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Pete Langman

The cricket shots we actually play

Drives, pulls and cuts are for pros. In the real world, things are different

Pete Langman
Pete Langman
You must be familiar with the "don't look at the ball" shot  •  Fairfax Media via Getty Images

You must be familiar with the "don't look at the ball" shot  •  Fairfax Media via Getty Images

"You won't see that in any coaching manual" is one of those obliquely slippery phrases that manages to deliver its core message of admiration wrapped up in a cloth of mild distaste, and is rarely heard other than on TMS or one of its many simpering fan progs. Visit a village green on an April Sunday, however, when the long shadows cast by the pavilion can preserve the frost until tea (or in this wettest of Junes, visit a field so cut up by a winter's worth of football boots and a month's worth of spikes, it would be flatter if freshly ploughed), and you may witness res and verba in perfect metaphorical alignment. That is to say, batsman and commentator conspire to give the term "agricultural" a bad name.
In village cricket, of course, the commentator is a collective comprising the occupants of the "office", namely the close fielders arranged around the wicketkeeper. It is traditional for manager and staff to keep up a running commentary on the batsman's efforts to send the ball hither and thither in order to hasten his own journey back to the warmth of the pavilion, and to start each idiosyncratic snippet of song that subsequently travels around the outfield in a sort of Mexican karaoke.
"What the f*** was that shot meant to be?" is perhaps the village equivalent of the professional commentator's "coaching manual" barb. Invariably the response runs something along the lines of "four runs". After all, there's unorthodox and unorthodox, and in cricket, a shot's value is ultimately considered in direct proportion to its outcome. Even by Sir Geoffrey.
See ball, hit ball. Or, in my case, see ball, leave ball, discover the bowler has one that cuts back sharply
While the professional may deal in reverse lap cuts in between "proper cricket shots", these are merely those shots that do not yet feature in the manual, but for every effort to execute an elegant cover drive effected by your typical Sunday batsman, five portmanteau shots will be fashioned from the leftovers of other sports they may have played, watched or perhaps simply heard tell. I've seen forearm smashes, topspin lobs, 9 irons, heaves, hoicks, flails and mows, airy wafts (or "elegant leaves"), flat-bat smacks, and dozens of others as yet nameless. Just as there are shots not yet in the manual, there are shots that never will be, and it is these shots, these Sunday inventions, these unidentifiable mongrels, these techniques practised in the Dark Net, that place where intention is never undone by lack of talent, it is these shots that feature in a sort of anti-manual.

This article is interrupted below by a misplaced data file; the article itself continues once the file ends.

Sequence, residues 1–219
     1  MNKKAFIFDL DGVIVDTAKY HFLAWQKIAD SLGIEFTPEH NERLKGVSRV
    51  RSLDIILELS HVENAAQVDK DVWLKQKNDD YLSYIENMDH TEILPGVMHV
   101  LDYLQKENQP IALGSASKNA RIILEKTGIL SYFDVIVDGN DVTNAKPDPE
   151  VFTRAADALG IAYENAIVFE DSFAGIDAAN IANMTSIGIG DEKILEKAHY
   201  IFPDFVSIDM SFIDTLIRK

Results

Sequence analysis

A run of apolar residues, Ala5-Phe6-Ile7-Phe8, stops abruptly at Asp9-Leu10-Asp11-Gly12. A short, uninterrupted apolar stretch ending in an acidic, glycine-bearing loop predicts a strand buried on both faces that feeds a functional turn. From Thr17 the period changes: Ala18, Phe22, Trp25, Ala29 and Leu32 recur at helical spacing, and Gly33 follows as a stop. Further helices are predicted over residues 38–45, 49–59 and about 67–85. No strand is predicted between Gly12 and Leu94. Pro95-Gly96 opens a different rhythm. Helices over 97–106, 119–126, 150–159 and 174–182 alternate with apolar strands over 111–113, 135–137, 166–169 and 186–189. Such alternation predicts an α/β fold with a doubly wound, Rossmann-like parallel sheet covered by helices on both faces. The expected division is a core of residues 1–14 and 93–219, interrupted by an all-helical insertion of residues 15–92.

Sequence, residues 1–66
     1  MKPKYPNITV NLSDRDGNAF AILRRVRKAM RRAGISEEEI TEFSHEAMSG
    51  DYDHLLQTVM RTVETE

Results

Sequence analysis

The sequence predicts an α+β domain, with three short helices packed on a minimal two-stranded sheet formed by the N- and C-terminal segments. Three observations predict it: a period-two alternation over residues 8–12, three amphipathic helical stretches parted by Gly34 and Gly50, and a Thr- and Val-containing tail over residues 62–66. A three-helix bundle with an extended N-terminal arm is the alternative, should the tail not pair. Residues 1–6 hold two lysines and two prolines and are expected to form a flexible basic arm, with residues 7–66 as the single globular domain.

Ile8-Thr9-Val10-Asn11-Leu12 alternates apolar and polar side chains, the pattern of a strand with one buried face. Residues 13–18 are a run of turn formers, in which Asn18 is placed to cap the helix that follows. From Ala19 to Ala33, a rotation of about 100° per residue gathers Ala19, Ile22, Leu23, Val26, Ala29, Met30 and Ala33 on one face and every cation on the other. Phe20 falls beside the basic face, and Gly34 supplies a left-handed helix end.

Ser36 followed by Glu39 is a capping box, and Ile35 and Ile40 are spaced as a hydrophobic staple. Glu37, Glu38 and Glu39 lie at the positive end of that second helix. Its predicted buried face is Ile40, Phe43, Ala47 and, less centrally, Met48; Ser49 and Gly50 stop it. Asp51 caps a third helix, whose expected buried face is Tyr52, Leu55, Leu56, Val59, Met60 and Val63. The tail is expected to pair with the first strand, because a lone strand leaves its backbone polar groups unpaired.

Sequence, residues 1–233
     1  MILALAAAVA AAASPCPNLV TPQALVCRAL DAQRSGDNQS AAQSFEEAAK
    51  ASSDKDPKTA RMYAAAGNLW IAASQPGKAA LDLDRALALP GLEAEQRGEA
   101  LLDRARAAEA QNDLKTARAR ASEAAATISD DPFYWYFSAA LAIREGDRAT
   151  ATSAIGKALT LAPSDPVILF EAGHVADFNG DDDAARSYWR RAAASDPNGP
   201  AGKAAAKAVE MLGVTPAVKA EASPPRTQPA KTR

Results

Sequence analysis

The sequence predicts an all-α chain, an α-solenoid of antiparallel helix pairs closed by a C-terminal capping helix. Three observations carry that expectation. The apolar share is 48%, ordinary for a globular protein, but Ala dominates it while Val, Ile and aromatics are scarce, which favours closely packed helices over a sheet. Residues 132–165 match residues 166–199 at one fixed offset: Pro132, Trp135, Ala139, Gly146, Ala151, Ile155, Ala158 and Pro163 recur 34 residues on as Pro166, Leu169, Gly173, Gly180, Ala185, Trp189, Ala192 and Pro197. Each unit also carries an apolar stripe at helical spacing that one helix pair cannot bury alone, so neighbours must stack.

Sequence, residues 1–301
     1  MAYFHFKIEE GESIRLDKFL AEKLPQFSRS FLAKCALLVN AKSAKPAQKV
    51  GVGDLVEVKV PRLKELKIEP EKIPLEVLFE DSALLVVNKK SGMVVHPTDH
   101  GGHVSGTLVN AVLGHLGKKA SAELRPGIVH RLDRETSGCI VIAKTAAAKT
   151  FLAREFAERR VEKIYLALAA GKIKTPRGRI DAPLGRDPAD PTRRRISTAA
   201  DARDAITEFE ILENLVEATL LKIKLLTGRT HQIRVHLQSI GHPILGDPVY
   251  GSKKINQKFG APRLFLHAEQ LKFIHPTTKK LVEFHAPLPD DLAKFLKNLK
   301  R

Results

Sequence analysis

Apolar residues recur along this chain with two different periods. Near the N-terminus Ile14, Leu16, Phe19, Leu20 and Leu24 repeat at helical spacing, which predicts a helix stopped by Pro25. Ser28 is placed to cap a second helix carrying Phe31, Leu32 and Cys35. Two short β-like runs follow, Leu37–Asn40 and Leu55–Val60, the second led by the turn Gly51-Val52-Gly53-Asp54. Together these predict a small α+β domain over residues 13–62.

It is in this tome, this as-yet unwritten work of cricket lore (Wisn'tden, perhaps) carried in the hearts and minds of Sunday cricketers everywhere, that we gain access to the truths of this great game. And the truth is that cricket, real cricket, is not the game played by the professionals but the one played by us lot. In the professional game, orthodoxy is challenged by finely honed athletes seeking that extra fraction of a percentage of performance, as it is in these infinitesimal advantages that games are won and lost. In real cricket, in my cricket, our cricket, orthodoxy is simply challenged.
We know what we're meant to be doing, and while aiming to hit the top of off stump or bowling down the corridor of uncertainty is the theory, practice tells us that one of the most dangerous deliveries is the full toss. It's not simply the power of the unexpected so much as the raft of opportunities it offers the batsman. Confronted with an embarrassment of sure-fire scoring options the most common reaction is to gently lob it to the nearest fielder for catching practice. "Filthy", is the word you'll hear: perfect, is the truth.
As batsmen, we know we ought to play straight, through the line, foot to the pitch, elbow high, and all that gallimaufry, but more often than not we simply stand and deliver. See ball, hit ball. Or in my case, see ball, leave ball, discover the bowler has one that cuts back sharply.
"Not a good leave," opined the office manager. Au contraire, it was an excellent leave - confident, considered, comprehensive. If only I'd played my natural game, namely no foot movement, play very late, watch bowler begin celebrations, before, out of nowhere, jamming my bat down to meet the ball in desperation, then I would have lived to face the next ball. But no, I played "properly". Textbook, one might say. Unfortunately the bowler had been reading the same textbook, and he was a few pages ahead of me. If only I'd trusted the occult knowledge of the Dark Net.

Pete Langman is the author of The Country House Cricketer. All profits go to help fund research into Parkinson's disease. @elegantfowl